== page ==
With a career spanning over 25 years, Jerry Green has had many roles with Universal Studios Hollywood. Starting out as a tour guide in the early 70s, Jerry served as an attraction host, wardrobe manager and entertainment manager – eventually moving to Planning and Development (now known as Universal Creative) in the 1980s. We spoke with Jerry in a conversation that spans the infancy of the Studio Tour and the theme park to the development of Universal Studios Florida.

Here’s part one of that interview.

» Inside Universal: What brought you to Universal Studios Hollywood?

Jerry Green: I wanted to be an actor, to be in showbiz. I went there on the tour and had to be a part of it.

» When you joined Universal, what was your job?

I was a tour guide.

» At that time was there only the tour or were there other attractions as well?

No no…there were several other things. We had the stunt show, animal show, a marionette show…there was the Ark Park…


It was supposed to be like Noah’s Ark, a mock- up. We also had a make-up show. They picked a lady from the audience and made her up to look like the Bride of Frankenstein. It took place in a store where Max Factor cosmetics were sold. They set up a barber chair and people would just stand and watch. There were no seats, no theater. They called it a make-up show but it was more of demonstration.

I can’t remember if we had anything else. We had a pantomime show, but it may have come later.

A pantomime show?

Oh yeah…

Really? You couldn’t get away with that nowadays. Just to give some perspective, where was the tour entrance located at that time and where would the people load onto the tram?

Hmm, I’m not sure. It’s changed so much. The only constant is the turnaround area. The first lobby I remember was an open area with a large information booth in the middle. We tour guides would sit in the info booth between tours and answer phones and assist guests. Just past the lobby and down a short ramp were the trams. Then we remodeled and built the lobby that was there for many, many years. It was about 40 or 50 feet up from the turnaround where the fountain and neon Universal sign are. Guests would walk up the steps and the lobby was right there. The queue was just past the turn styles. When it came time to board the tram they would walk through the opening at the end of the queue and trams were lined up and ready.

It was not located in its current location?

No, no. It was 100 feet or so from the turnaround.

» When you started at Universal, what were some of the attractions on the tram?

We didn’t have any.

You didn’t have any on the tour?

There was a burning building; very unimpressive by today’s standards. Can’t remember much else. But it was great. Every day when we arrived we were told what soundstage we would be taking the guests through. It was a different stage almost every day. There were usually sets in the stage that were about to be used, or had just been used for a shoot of some kind. It was an actual working set. Not something set up just for the tour. But I remember times when we would be assigned an empty soundstage; a huge empty building and nothing inside. No walls, no furniture – nothing. And we would have to keep the guests entertained, sometimes for 30-35 minutes.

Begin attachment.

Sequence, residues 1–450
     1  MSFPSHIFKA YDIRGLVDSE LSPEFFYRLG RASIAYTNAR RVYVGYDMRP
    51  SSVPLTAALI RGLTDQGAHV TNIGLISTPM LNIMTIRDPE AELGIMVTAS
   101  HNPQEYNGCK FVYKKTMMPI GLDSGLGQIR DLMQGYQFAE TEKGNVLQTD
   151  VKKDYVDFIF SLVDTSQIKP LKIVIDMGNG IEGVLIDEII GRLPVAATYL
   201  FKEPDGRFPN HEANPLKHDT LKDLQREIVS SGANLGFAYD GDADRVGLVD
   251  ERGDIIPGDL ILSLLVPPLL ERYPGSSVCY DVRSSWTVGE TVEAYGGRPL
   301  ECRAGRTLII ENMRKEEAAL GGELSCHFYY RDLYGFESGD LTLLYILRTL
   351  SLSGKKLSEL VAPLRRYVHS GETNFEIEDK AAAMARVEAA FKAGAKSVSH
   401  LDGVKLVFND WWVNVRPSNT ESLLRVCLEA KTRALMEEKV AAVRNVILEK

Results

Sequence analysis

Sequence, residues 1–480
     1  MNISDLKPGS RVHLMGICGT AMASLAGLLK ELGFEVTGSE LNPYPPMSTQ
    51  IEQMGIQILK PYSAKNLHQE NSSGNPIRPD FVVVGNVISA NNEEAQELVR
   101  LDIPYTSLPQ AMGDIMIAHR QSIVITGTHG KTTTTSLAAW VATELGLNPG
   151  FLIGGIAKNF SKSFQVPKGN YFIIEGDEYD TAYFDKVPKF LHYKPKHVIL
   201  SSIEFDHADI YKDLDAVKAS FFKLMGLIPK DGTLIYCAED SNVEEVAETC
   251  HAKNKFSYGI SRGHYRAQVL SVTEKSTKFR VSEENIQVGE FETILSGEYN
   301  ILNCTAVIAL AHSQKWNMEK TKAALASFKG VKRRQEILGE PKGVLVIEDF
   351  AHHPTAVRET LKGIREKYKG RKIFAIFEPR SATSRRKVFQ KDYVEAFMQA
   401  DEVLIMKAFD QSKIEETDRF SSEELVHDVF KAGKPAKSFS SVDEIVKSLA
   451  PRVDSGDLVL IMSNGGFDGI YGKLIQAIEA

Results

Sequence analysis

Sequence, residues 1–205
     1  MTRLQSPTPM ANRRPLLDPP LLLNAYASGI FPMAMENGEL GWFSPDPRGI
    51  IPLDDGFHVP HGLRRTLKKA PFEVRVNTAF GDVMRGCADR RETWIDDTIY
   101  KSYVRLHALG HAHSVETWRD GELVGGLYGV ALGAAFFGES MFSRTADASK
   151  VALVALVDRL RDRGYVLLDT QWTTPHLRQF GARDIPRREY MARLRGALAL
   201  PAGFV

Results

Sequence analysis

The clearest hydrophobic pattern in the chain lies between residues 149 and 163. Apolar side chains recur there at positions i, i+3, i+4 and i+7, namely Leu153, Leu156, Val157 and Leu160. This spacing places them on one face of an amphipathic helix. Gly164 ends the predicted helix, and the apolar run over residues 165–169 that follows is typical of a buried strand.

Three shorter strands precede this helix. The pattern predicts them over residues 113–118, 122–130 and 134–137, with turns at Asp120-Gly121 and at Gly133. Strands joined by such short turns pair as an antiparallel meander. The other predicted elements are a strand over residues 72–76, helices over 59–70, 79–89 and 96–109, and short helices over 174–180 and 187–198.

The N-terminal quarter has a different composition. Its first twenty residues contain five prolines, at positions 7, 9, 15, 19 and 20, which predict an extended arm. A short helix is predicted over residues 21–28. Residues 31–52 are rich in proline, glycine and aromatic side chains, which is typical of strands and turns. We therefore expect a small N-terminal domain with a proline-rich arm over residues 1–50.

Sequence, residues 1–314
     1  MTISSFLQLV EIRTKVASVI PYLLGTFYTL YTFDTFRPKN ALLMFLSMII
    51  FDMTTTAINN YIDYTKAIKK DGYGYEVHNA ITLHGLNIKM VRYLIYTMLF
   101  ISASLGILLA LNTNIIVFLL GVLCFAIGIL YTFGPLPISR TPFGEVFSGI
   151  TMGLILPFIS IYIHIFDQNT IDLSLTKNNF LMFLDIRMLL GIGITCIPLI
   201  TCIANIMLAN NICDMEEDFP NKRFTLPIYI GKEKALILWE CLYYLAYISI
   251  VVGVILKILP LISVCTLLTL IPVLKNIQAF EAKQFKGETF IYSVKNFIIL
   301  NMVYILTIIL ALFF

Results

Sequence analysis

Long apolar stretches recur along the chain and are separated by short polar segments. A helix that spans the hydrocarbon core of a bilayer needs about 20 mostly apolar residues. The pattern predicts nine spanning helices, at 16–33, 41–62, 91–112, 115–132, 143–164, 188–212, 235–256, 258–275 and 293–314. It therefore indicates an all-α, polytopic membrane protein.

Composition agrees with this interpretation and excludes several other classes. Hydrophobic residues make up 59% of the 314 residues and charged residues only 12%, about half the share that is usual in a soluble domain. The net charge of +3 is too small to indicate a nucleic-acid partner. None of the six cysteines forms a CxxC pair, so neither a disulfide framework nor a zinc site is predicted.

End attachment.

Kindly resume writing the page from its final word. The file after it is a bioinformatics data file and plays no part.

…and people enjoyed that?


The people ate it up. It was a real working studio. It was not something staged just for the tour. The guests could go home and see that set on their favorite television show. Back then there were no behind-the-scenes shows on TV. No one had ever been allowed to go onto a movie studio before. Show business was magical to the average person. So to be on the lot touring a working studio was a totally different experience. To think that Charleton Heston may have been on the set yesterday, or James Garner was coming next week, that was super special. It was very common to see “Hot Set” signs on the sets we visited. People were excited to be there. We would tell them about the sound stage construction, the thick asbestos padded walls.

Now they probably wouldn’t like that, but back then, who knew?

The health inspector would love that!

Yeah, you would take the guests into the sound stage and, we wouldn’t do stand-up comedy but stand-up material – whatever we could think of. We would do a Q&A and it would go on forever. People were in awe. Then when we would see celebrities walking around the studio, the guests would go crazy. We knew which celebs didn’t object to being pointed out, and which wanted to be left alone.

» So, then at the time and through the 70’s, 80’s and 90’s until they introduced the television monitors (on the trams), it was solely dependent upon the tour guide, where if you had a bad tour guide, you were going to have a bad tour.

Pretty much. We had a few that weren’t very good. If two groups arrived at the sound stage at the same time we would team up and take the groups through together – kind of a tag team. So we quickly got to know who was good and who wasn’t. (laughs) Of course that presented a problem from time to time. When it was time to re-board the tram, some of the guests from the other guides group would try to get on the tram with the best tour guide.

» Now one of the more infamous attractions on the tour from the 70’s was the “Rockslide”…

Oh yes! (laughs) That was our first special effect on the tour.

“The script called for the rocks to come rolling down the hill toward the guests and at the last moment fall into a trough right in front of the tram.”


So that was the first?